Your business has an array of stakeholders, from employees and customers to investors and suppliers. If you are selling your business, each of these parties has the right to know about the status of the sale, though they are not all entitled to the same type of information or the same degree of detail. The closer your relationship with a stakeholder, the sooner he should know and the more care you should devote to addressing the concerns that will inevitably arise.
Announcing to Employees
It will be difficult to sell a closely held business with only a handful of trained, experienced employees unless your staff knows about the potential change and is willing to work with a new owner. Announce a business sale to essential employees, such as experienced and talented senior managers, during a private meeting early in the process. Take the time to answer their questions, address their concerns and gauge their willingness to continue with the company even after you sell it. Announce the sale to the rest of the workforce once the ownership change is a certainty. Be transparent with details about how it might impact their jobs and address their questions with sensitivity and clarity.
Announcing to Potential Buyers
Potential buyers won't be able to research or inquire about your business unless they know it's for sale, yet it's risky to publicly announce that your company is on the market before you've informed stakeholders such as employees and customers. A qualified business broker will have the contacts and discretion to reach out to targeted potential buyers and ensure confidentiality by presenting them with a nondisclosure agreement before discussing details. If you've already told employees and customers that you're offering your business for sale, announce the listing through a medium that's appropriate for your industry, such as a mobile food listing service for a food truck business.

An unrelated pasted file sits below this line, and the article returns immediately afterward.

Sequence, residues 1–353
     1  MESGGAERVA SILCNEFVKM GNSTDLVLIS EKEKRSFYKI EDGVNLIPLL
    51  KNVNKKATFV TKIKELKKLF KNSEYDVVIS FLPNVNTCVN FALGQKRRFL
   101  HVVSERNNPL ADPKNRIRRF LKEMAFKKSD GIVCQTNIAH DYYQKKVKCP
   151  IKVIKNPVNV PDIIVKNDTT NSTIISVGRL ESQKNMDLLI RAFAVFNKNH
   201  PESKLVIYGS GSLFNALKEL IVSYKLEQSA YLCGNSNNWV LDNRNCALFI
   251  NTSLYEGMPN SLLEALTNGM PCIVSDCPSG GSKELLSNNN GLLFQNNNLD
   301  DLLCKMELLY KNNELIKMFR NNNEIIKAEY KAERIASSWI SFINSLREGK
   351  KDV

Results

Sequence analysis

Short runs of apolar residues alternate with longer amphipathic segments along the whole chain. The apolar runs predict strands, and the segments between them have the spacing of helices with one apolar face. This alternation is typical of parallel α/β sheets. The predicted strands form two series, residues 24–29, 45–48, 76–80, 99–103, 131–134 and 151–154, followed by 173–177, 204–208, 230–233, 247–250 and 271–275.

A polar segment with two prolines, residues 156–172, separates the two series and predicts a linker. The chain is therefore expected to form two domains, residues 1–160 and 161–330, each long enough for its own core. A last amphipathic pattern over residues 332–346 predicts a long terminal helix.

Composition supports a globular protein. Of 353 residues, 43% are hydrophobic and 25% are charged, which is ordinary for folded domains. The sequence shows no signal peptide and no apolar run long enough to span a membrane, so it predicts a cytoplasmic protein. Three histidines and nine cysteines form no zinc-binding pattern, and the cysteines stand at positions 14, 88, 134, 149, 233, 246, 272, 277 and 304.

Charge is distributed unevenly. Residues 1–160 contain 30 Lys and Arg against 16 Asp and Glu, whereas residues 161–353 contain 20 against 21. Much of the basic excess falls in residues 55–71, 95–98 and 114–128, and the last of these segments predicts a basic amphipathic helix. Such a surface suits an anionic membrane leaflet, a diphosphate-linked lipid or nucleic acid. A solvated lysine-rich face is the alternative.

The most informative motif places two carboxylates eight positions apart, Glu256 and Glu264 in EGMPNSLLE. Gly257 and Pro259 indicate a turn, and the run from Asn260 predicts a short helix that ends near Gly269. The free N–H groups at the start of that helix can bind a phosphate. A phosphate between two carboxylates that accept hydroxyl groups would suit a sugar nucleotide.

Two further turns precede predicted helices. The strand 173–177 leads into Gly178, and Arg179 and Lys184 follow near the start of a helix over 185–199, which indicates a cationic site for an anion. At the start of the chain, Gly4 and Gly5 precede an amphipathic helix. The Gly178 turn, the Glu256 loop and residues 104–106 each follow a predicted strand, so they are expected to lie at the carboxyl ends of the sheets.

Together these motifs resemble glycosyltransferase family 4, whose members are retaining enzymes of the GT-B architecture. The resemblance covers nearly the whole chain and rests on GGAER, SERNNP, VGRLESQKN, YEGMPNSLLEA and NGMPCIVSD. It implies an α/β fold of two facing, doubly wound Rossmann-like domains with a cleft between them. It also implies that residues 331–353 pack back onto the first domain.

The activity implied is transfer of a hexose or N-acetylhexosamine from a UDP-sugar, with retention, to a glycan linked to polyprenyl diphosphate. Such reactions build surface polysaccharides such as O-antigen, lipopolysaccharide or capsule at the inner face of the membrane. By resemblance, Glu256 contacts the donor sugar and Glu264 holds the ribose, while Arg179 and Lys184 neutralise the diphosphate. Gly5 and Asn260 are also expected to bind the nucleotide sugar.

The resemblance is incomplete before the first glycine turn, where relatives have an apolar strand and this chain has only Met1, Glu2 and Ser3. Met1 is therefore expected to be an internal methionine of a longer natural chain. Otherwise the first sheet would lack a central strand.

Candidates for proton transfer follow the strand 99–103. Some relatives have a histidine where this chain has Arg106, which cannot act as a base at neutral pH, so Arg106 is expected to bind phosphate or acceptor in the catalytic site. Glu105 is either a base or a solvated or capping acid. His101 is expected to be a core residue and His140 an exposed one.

Announcing to Key Customers
A business built on key relationships with a limited number of customers should reach out to clients directly to announce a business sale. These key customers should hear about the business sale before the news reaches the general public. Send a personalized letter or email, or even make personalized phone calls. If the ongoing success of your company under new ownership depends on customers' willingness to transfer their business to the new owners, reach out to these customers even before the sale to establish trust and assure prospective buyers that the clientele will remain loyal.
Making a General Announcement
Once close stakeholders know about your business sale, you may choose to announce it to the general public through a press release or blog post. Choose a media outlet appropriate for your business, such as a neighborhood newspaper for a neighborhood hardware store or a food and drink column for an established restaurant. Craft the press release to provide information for your customer base about the status of the company and the ongoing availability of your products and services, and also provide information about your new endeavors that may be of interest to the business community.
Devra Gartenstein founded her first food business in 1987. In 2013 she transformed her most recent venture, a farmers market concession and catering company, into a worker-owned cooperative. She does one-on-one mentoring and consulting focused on entrepreneurship and practical business skills.